If you’ve seen my post on my top ten Southern Italy factoids (along with interesting anecdotes), then this little section on Puglia may seem familiar:
Puglia is hot Mediterranean with moderating sea breezes, low rainfall, fertile soils, and permitted irrigation—most suitable for high volume production
INTERESTING FACTOID: “Its name derives from the Roman a-pluvia or ‘lack of rain.'” ——Oxford Companion to Wine (Fourth Edition). Pretty much confirms the above description. —me (First Edition)
Puglia key grapes:
- Primitivo (Primitivo di Manduira DOC; Gioia del Colle DOC) INTERESTING ANECDOTE: Gioia translates to “joy” in Italian; Colle translates to “glue” in French. Interestingly, Gioia del Colle DOC, despite its reputation for the higher quality grapes grown at elevation, is the one that requires the least amount of Primitivo, allowing blending of other grapes such as Montepulciano, Sangiovese, Negroamara, and even the white wine grape, Malvasia (as well as other local and international varieties)—or “gluing” together to create the “joy” that is the region’s red wines. However, the region was so-named before some monk guy brought over the primitivo grape, which he named prima-tivo because of its early-ripening-ness (prima meaning first or early). —me and my remedial Italian and French (First Edition)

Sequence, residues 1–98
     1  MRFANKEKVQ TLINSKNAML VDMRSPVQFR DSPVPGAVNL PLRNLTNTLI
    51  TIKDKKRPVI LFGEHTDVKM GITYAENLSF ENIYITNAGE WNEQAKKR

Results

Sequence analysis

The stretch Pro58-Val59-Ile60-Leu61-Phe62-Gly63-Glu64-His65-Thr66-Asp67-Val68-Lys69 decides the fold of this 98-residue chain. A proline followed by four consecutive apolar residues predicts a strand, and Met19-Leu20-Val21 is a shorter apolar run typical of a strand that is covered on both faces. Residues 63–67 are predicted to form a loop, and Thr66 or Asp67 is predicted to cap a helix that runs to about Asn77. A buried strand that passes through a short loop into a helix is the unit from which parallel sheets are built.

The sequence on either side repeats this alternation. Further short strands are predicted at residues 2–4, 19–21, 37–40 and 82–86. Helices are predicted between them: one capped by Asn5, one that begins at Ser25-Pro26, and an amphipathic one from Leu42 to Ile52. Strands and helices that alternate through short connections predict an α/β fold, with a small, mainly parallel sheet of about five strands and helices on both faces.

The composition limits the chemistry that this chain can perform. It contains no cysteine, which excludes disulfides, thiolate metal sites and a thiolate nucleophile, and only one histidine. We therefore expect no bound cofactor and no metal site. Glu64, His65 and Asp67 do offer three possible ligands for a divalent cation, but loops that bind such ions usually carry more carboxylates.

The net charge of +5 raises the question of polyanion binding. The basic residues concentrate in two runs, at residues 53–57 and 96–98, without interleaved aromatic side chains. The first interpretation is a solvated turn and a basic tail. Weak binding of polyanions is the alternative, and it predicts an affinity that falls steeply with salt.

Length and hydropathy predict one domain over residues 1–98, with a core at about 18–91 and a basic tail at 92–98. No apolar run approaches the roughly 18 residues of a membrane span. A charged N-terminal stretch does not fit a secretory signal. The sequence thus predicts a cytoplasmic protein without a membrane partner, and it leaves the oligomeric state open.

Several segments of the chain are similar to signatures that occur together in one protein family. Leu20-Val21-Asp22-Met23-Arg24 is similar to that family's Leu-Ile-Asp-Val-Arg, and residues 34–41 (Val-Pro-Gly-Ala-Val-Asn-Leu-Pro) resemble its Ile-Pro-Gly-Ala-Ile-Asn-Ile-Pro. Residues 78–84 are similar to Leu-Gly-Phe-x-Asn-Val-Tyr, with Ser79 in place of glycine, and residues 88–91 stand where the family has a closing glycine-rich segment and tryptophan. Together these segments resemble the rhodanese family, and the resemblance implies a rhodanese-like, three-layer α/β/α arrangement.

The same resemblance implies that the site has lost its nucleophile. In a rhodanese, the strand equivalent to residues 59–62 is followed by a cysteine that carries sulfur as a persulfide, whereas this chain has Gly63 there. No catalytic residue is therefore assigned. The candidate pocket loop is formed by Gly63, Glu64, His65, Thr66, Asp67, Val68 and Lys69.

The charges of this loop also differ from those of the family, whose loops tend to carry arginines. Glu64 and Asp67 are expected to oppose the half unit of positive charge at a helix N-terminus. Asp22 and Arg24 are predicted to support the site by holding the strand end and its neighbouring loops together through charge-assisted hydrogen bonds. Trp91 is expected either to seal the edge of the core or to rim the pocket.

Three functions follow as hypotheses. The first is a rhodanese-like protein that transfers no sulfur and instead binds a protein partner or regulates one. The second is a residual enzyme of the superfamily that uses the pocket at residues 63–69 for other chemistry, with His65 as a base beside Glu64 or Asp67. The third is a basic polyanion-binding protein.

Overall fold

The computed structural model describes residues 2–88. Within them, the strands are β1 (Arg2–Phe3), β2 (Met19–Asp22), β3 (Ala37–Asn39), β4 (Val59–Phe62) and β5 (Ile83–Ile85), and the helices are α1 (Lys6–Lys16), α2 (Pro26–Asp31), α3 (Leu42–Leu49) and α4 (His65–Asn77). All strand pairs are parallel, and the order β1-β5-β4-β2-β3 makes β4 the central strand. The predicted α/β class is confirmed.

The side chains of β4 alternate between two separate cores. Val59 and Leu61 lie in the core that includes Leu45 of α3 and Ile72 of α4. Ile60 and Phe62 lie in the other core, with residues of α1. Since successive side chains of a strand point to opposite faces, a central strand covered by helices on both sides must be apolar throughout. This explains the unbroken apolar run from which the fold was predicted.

- Negroamaro “Makes sweet-tasting, early-drinking reds and some good rosés on the heel of Italy.” “Wine Grapes” (Robinson, Harding, Vouilamoz) (Salice Salentino Rosso/Riserva DOC)
- Nero di Troia/Uva di Troia “High-quality, flavorful, firm northern Puglian that has declined considerably in the last 40 years.” “Wine Grapes” (Robinson, Harding, Vouilamoz) (Castel del Monte/Riserva DOC/G)
While the WSET has us focusing on Puglian red wine production, I was provided the opportunity to taste through some rosés of the region as well as participate in a master class educating us on these wines and Puglia as a wine producing region in general. I wanted to share with you some of my tasting notes, as well as some of the things I learned from the Italian industry pros.
A note about the wines: According to the winemakers present, all wines are created in a style intended for immediate consumption—light, easy, fruitful. They’re looking to appeal to a broad range of consumers, but are also very keen on introducing non, new, or infrequent wine drinkers into the wine-drinking culture. Unfortunately, none of these wines are available in the US at the moment. All are within a 2 to 5 Euro price point.